As people age, the body loses its ability to both conserve water and detect when it is in a state of dehydration. It also begins to lose its ability to compensate for shifts in air temperature and humidity. Physical inability to access fluids, and the reluctance to consume them for fear of incontinence issues, exacerbates the problem. The consequence of these challenges can be dire.

Symptoms of dehydration include:

  • Lethargy
  • Dizziness
  • Dark urine
  • Dry mouth
  • Headache
  • Muscle weakness
  • Loss of cognitive function
  • Fatigue

Symptoms of more severe dehydration in seniors include:

  • Irritability
  • Vertigo
  • Low blood pressure
  • Imbalance in electrolytes, causing involuntary muscle contractions and loss of consciousness
  • Urinary tract and kidney problems
  • Confusion
  • Diarrhea or vomiting
  • Black bloody stool

Even more serious consequences include the formation of kidney stones, kidney failure and hypovolemic shock, which occurs when low blood volumes result in a drop in blood pressure and a decrease in the amount of oxygen in the body.

Treatment for more severe forms of dehydration may require intravenous hydration over the course of a few hours or additional treatments to support the kidneys, including dialysis.

Dehydration is a serious condition because every cell, tissue, and organ in the human body needs water to eliminate waste, keep temperature normal, lubricate and cushion joints, and protect tissues.

What Amount of Fluids Should Seniors Consume?

The answer depends upon a number of conditions:

  • Is the senior ill with an infection of the lungs or bladder?
  • What is the size, weight, and sex of the senior?
  • What medications is the senior taking?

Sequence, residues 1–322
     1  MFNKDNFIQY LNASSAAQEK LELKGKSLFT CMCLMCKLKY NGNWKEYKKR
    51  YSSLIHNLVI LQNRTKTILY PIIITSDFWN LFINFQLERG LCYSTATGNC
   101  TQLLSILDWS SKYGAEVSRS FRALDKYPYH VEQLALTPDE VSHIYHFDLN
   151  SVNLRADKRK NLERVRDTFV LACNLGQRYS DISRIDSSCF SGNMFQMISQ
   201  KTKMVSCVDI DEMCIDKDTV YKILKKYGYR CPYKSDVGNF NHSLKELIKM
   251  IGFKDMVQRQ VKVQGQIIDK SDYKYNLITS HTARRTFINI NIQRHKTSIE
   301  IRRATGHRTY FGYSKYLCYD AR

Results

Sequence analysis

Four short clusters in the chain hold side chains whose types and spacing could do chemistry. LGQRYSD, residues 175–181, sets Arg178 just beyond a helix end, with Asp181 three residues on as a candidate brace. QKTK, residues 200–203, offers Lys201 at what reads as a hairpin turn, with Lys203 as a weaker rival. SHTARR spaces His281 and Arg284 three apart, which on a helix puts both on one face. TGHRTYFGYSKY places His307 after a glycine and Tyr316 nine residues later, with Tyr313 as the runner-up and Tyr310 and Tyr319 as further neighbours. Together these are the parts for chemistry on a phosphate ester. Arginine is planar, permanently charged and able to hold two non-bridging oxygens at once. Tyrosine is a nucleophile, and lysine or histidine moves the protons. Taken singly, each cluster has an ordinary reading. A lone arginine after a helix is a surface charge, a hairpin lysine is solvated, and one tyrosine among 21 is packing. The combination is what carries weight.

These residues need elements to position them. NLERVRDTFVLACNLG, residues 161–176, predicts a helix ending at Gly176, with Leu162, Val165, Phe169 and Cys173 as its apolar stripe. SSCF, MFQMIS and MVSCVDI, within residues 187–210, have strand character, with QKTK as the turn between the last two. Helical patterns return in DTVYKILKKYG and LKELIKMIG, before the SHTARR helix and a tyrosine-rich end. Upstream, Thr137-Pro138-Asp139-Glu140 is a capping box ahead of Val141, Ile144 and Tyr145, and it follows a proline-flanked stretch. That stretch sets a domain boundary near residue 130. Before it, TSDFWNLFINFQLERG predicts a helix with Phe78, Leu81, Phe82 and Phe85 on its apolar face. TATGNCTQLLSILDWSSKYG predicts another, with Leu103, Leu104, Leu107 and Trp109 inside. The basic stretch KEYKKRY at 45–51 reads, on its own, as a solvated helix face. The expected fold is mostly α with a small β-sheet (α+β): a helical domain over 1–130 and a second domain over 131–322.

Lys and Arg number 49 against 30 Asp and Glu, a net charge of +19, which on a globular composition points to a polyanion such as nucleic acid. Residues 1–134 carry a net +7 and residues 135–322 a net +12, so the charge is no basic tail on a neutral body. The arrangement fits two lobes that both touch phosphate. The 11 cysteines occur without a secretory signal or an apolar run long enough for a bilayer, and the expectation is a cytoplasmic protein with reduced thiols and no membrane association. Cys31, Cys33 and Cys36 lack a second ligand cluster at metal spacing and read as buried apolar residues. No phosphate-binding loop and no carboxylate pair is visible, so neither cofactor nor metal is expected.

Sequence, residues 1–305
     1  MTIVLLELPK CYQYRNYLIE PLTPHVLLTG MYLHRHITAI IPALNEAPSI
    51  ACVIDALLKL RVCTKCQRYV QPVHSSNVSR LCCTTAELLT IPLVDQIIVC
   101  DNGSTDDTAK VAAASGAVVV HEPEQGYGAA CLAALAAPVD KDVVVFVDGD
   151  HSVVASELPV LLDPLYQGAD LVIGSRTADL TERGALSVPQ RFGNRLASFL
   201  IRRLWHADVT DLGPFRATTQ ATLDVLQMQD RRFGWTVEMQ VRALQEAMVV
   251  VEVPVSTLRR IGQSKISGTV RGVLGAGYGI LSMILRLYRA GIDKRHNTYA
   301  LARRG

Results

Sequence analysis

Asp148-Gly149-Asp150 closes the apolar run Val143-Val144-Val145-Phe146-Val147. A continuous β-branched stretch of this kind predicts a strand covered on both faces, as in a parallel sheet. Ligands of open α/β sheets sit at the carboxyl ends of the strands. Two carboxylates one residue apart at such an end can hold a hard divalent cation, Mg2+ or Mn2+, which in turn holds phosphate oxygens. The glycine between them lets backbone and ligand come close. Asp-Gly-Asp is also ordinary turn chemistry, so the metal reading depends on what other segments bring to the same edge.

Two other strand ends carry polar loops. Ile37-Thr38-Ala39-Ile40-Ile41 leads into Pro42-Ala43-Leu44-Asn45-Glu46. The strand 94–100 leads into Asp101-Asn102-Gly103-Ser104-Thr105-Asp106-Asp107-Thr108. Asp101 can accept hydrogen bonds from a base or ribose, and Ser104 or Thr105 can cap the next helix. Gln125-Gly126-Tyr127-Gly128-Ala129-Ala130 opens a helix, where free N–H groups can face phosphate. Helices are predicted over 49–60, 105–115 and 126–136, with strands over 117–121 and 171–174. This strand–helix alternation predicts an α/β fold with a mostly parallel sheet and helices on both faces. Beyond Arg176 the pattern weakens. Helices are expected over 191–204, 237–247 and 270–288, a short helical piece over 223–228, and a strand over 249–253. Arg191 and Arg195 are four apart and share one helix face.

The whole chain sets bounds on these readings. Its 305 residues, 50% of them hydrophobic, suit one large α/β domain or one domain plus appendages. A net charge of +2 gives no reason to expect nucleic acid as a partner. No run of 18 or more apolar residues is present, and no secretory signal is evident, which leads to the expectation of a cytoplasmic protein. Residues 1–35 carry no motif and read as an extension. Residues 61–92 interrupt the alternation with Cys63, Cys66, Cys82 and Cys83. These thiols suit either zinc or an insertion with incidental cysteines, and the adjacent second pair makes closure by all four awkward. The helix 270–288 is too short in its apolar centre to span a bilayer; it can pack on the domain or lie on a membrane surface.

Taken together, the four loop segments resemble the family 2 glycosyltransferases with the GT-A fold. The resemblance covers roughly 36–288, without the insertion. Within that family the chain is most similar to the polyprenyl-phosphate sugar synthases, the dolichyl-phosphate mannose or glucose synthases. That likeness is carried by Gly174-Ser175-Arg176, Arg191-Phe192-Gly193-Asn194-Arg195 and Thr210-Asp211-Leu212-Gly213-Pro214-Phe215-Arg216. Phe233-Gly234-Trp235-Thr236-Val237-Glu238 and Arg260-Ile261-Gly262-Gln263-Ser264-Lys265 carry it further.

• Is the senior sick with the flu or vomiting?
  • How physically active is the senior?
  • Is the current weather hot and humid?
  • What are the other health concerns of the senior?

Given these variables, it is best for the senior to consult his or her physician or a registered dietitian concerning recommendations for water consumption.

It’s important to remember that by the time a senior actually feels thirsty, they may already be dehydrated, as their bodies become less sensitive to water intake.

Prevention

There are many strategies for keeping a senior adequately hydrated:

Consider substitutes for water. These include milk and broth. Even fresh fruits and vegetables contain a high-water content. For example: watermelon, spinach, cucumbers, lettuce, celery, broccoli, cantaloupe, oranges, peaches, and strawberries, etc. have high-fluid content.

But water is still your best no-calorie, sugar-free source for hydration. Strategies could include scheduling times—before meals, while taking medications—for consuming additional water.

Experiment with different flavors, textures, and temperatures of fluids. Maybe your senior prefers hot drinks to cold or the other way around. You can warm up juices or add soda water to make drinks bubbly.

Make it savory. Hot soup broth (make it low-sodium to those watching their salt intake) may be appealing from time to time.

Make popsicles or smoothies. Mixtures of low-sugar fruit juices and water may be welcomed by your senior.

Encourage seniors to drink small quantities between meals even if they don’t feel thirsty. Keep drinks within easy reach in small bottles so the amount does not seem overwhelming.

Other fluid sources. Jell-O, soup, ice cream, yogurt.

Important note: Consult with the senior’s physician to make sure that certain fluid sources do not conflict with the senior’s medical conditions or medications. For example: seniors who take medications to treat insomnia, high blood pressure, or anxiety may want to avoid eating grapefruit because it can intensify the effects of a few medications and possibly make them dangerous to the senior.

Caffeine, Energy Drinks, and Alcohol

Some feel that tea and coffee are suitable beverages to consume, but caffeine is a diuretic, which causes the body to remove fluids from the bloodstream. Consult a physician or a registered dietitian if the senior is a heavy consumer of caffeinated beverages.

Energy drinks are often high in caffeine, sugar, and calories, and are not a good fluid option for senior adults.

Aside from its other negative effects on health, alcohol is also a diuretic, which causes the body to remove fluids from the blood at a much quicker rate than other liquids. If people do not drink additional water with alcohol, it can cause dehydration.

For other health tips this summer, please check out the Health and Wellness section of our news blog.